As far as I know there's no way to recover without the original file.
This isn't going to help you, and you won't like hearing it, but it is NEVER safe to work directly from a removeable drive, as you've just seen demonstrated. You should always copy files from the removeable media to the hard drive before editing, and back again when you are done, and it's a really good idea to have a backup system in place so you don't wind up with total losses when the unexpected happens (and it can happen any time). I back up all my data nightly using a drive image program, and I save new versions of files as I work each time I start an editing session or reach a major change point, adding a version number to the file name. If the most recent version is destroyed, at least I can go back to the previous one, or go back when the client says, "you know.... I like the way it looked last Thursday better."
As Peter says, you're out of luck but it doesn't have to happen again.
I wrote this a while back and it's worth spending a few minutes to read it: http://boblevine.us/why-i-always-save-files-in-dropbox-and-why-you-should-too/
Thank you both for the feedback!
As I feared, then - I have advised her to start using a version control system such as subversion to avoid this happening again.
subversion in the ranks is a dangerous thing to encourage.
Actually, I'm not familiar with version control when dealing with InDesign or Photoshop or the likes - I'm familiar with it for version control of code, but perhaps it would be a mistake to use subversion with the large, binary files generated by these applications? Perhaps there's a more suitable alternative for binary files - or maybe I should just recommend dropbox as suggested by Bob.
Windows has a pretty basic backup system of it's own. I'm not sure if it will work on an External Hard Drive though...
Sorry. That was a little attempt at humor that seems to have gone awry: http://en.wikipedia.org/wiki/Subversion
I see that Subversion, with a capital S, is actually a version control software package. I think that's probably overkill -- I just do a Save As and change the file name from ProjectName working 1 to ProjectName working 2 and continue. The big thing is to have a backup. I currently use Storage Craft's Shadow Protect because it can read and write to just about anything (like a USB external drive), even for recovery when you have no OS installed to map the drives, and I used to use Acronis TrueImage, but it wasn't quite as versatile. Norton makes a product too, I think.
And as Eugene mentioned, Windows has a built-in backup system, which I haven't used. I think it may actually be Acronis. I believe it is compatible with an external hard drive.
perhaps it would be a mistake to use subversion with the large, binary files generated by these applications? Perhaps there's a more suitable alternative for binary files - or maybe I should just recommend dropbox as suggested by Bob.
For home use, I use Dropbox, and at work in a Win2008/Win7 environment we use volume shadow copies. If you set up your initial computing environment correctly, you can get exhaustive, frequent backups without even thinking about it.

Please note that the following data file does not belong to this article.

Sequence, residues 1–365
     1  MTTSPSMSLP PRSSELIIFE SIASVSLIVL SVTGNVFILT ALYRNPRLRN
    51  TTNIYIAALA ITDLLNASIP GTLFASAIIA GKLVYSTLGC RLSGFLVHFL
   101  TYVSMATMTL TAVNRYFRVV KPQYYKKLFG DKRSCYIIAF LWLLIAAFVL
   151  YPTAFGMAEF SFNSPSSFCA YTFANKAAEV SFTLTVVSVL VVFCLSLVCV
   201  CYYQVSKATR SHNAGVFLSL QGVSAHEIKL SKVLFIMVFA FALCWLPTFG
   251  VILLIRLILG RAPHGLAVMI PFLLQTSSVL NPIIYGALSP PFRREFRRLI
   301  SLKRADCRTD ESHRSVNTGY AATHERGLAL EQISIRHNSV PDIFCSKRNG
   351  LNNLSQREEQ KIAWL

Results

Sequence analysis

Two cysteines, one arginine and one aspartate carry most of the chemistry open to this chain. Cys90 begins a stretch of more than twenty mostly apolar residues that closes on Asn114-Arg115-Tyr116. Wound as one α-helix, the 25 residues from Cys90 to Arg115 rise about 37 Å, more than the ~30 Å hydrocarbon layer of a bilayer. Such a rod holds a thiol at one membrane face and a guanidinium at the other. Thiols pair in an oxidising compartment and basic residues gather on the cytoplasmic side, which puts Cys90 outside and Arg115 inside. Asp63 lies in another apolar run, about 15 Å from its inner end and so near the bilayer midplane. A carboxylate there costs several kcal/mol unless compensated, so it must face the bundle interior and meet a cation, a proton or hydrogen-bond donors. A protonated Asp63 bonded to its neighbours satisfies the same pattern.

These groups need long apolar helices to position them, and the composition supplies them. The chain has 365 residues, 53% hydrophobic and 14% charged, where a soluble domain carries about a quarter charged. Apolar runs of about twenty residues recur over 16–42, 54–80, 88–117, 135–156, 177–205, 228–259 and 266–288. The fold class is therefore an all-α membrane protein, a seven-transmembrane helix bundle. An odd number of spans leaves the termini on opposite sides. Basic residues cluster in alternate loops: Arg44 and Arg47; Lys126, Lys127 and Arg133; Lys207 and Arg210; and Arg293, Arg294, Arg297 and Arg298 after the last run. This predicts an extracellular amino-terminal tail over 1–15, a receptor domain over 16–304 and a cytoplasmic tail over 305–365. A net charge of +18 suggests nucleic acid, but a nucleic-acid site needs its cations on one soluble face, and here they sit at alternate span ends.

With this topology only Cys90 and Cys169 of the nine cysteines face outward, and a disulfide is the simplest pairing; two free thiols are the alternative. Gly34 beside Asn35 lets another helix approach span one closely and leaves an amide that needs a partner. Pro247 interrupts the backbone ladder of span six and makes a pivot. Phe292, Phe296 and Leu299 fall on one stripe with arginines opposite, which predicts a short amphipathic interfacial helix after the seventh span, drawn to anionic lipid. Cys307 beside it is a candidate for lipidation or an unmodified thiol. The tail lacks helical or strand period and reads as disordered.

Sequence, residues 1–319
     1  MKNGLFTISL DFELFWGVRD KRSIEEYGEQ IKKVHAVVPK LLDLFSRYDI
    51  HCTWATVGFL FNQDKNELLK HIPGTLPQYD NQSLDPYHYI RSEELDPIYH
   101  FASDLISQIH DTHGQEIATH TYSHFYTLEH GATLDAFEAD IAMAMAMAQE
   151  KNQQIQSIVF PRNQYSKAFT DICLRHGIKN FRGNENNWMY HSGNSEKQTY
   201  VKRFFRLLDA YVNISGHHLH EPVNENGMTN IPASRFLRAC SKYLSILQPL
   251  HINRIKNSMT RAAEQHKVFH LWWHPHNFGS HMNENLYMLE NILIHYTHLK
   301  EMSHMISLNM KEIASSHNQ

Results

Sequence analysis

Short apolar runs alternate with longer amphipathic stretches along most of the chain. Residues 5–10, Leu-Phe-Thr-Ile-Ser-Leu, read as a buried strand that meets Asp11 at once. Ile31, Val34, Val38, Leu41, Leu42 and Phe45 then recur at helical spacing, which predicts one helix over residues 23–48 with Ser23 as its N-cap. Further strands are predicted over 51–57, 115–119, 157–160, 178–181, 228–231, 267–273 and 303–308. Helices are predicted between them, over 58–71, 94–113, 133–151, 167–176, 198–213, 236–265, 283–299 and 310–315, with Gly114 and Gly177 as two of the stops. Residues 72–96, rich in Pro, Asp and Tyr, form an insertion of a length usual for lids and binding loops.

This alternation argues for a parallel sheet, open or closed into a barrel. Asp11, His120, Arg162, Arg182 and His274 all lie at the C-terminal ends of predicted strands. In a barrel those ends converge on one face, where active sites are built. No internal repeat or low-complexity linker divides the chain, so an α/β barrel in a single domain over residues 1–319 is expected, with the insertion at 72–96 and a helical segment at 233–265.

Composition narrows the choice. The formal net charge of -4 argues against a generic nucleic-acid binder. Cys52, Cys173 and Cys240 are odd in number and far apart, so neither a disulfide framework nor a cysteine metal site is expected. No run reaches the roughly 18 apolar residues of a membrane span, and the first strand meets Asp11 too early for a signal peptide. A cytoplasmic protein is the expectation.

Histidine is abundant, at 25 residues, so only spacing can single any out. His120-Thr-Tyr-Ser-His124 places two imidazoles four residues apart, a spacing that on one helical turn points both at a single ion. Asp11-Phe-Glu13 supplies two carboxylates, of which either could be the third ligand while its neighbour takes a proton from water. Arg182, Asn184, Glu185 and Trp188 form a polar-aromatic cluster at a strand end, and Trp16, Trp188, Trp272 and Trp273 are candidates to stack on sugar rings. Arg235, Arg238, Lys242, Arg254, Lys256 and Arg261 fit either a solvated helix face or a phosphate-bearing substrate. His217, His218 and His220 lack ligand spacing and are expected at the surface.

Subversion is overkill here, and is not the right tool for the job. It's probably workable, but more effort than it would be worth (unless your user is going to throw a toddler-style fit if asked to do things like "name the file with a meaningful name and the most recent revision date" or "manage files in an Explorer/Finder window").
And w/r/t Eugene's comment - it seems that if the external drive uses NTFS then you can have it store shadow copies. Never tried it myself but a quick search indicates that it's not hard to set up.
Thank you all for the feedback! I was considering Subversion (with a capital S ) because I use it extensively myself, but also only work regularly on code and rarely wish to version control large binary files.
I've always heard that the performance of Subversion should be poor with binary files, but a Google search (and http://subversion.apache.org/faq.html#binary-files) suggests otherwise (actually, pixelnovel offers a Subversion plugin for Photoshop). I'll let her decide - Dropbox or Google Drive should be perfectly usable, TrueImage or shadow copies are probably overkill.
Again, thank you all for the quick replies.
I simply cannot support the idea that Subversion is less overkill-y than shadow copies. Spoken like a true developer, Steve. But that plugin looks like it cranks the degree of kill back to reasonable & supportable levels.
TrueImage or shadow copies are probably overkill.
I guess you've never had a hard drive fail or some piece of malware wipe out your OS.
I even have used the backup image on occasion to get rid of some stupid mistake that just won't fix. Shadow Protect images my 300 gb system partition in about an hour for a full image, less than 15 for the incrementals, and I can restore the drive just as it was, fully customized, in under two hours, including the time it takes to install the replacement. No way you can do that from installer disks.
My data drive is 1 TB and a bit over half full at the moment, and it images at comparable speeds. It start around midnight every night, and it's finished long before I start work in the morning.
Shadow Protect lets me restore the entire drive, or mount any image as a mapped drive from which I can copy selected files.